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Copperhead or corn snake? How to tell if that snake you're staring down is venomous

In the springtime, they slithered out from a long winter's nap to soak up the sun, and now those venomous snakes are reproducing

In the springtime, they slithered out from a long winter's nap to soak up the sun, and now those venomous snakes are reproducing.

Yes, Copperheads are having babies.

Seeing these serpentine neighbors in your yard or on a hike is nothing new, but how can you tell if a snake venomous or not?

Can identify a venomous snake? Test your knowledge with our quiz.

There are four species of venomous snakes in Tennessee, but only two of them are found in East Tennessee: the timber rattlesnake and the copperhead.

"The timber rattlesnake is easy, it has a rattle, pretty simple one,"  explained Zoo Knoxville's Director of Animal Care Phil Colclough said of identification. 

"Copperheads are a little more difficult, a copperhead pattern looks like Hershey kisses on its back, narrow at midline, fat on the sides; a series of Hershey kiss, big, broad coppery head, the youngsters have a bright yellow tail," Colclough explained.

Copperheads often are confused for corn snakes who have a similar look.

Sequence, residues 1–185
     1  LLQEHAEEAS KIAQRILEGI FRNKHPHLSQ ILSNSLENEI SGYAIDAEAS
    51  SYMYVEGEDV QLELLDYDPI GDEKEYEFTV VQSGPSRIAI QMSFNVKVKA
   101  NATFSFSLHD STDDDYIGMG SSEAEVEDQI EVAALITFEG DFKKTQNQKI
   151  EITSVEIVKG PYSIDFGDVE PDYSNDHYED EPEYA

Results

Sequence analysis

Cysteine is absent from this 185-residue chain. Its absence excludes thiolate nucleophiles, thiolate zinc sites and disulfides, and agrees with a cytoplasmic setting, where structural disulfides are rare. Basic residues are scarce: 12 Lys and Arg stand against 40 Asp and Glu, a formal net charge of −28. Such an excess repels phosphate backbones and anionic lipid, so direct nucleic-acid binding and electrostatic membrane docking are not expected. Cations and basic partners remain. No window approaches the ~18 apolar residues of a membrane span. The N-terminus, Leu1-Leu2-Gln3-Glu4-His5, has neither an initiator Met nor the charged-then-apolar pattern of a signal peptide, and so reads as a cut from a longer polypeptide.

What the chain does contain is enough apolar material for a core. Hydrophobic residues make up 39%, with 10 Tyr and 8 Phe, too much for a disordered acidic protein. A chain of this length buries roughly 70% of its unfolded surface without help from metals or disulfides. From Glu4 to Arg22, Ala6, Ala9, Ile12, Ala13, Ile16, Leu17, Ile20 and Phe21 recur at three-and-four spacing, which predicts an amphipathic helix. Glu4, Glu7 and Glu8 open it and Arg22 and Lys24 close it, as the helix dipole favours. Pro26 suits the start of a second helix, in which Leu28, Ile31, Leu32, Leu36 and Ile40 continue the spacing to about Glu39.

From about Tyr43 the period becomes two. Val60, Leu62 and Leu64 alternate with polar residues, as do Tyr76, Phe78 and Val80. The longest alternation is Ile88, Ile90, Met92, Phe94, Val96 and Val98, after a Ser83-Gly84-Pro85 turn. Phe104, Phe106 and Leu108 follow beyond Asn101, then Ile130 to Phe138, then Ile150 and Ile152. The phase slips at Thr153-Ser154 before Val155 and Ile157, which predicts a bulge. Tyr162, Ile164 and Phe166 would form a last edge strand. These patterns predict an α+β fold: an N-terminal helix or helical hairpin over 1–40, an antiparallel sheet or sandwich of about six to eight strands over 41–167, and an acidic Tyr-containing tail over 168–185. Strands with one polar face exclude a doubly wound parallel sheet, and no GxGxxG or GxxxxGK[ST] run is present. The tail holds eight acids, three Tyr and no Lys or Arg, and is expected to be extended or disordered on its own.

RELATED: Hiss! Here are the four venomous snakes of Tennessee

Tips for identifying Tennessee's venomous snakes:

  • Venomous snakes have a vertical, elliptical-shaped eye pupil
  • Venomous snakes have triangular-shaped heads that are offset from the body
  • Venomous snakes have a single row of scales on the underside from the vent to the tip of the tail

The Tennessee Wildlife Resources Agency said people in East Tennessee often believe they have found cottonmouth snakes (also known as water moccasins) in the area, but it is a case of mistaken identity. They are actually non-venomous northern watersnakes.

"People will argue till they are blue in the face about water moccasins being here, but none of those are around here, what they are seeing is northern water snakes, common but harmless," Colclough said.

Credit: Getty Images/iStockphoto
A Northern water snake on a forest floor.

Another common case of mistaken identity comes from telling the difference between a venomous coral snake and a non-venomous scarlet kingsnake.

REMEMBER: Red touches black, a friend of Jack. Red touches yellow, you're a dead fellow. 

TWRA said only the scarlet kingsnake can be found in East Tennessee, so we should be safe.

Credit: Getty Images/iStockphoto
A close up of a Scarlet Kingsnake in Florida.

For a full list of the snakes found in East Tennessee, go to TWRA's website.

What do I do if I find a snake?

  • Do not pick it up, even if it is not venomous. Anything with a mouth can bite.
  • Wear pants, long sleeves and close-toed shoes. 

"Most venomous snake bites happen with people who are trying to interfere with the snake, people trying to pick it up, kill it with a shovel," Colclough said.

Don't kill it. That is illegal.

Instead, find an animal organization to help relocate it. Remember, these creatures play an important role in the environment.

"They do a whole lot of good, they keep rats and mice away, appreciate them, some have really beautiful patterns," Colclough said.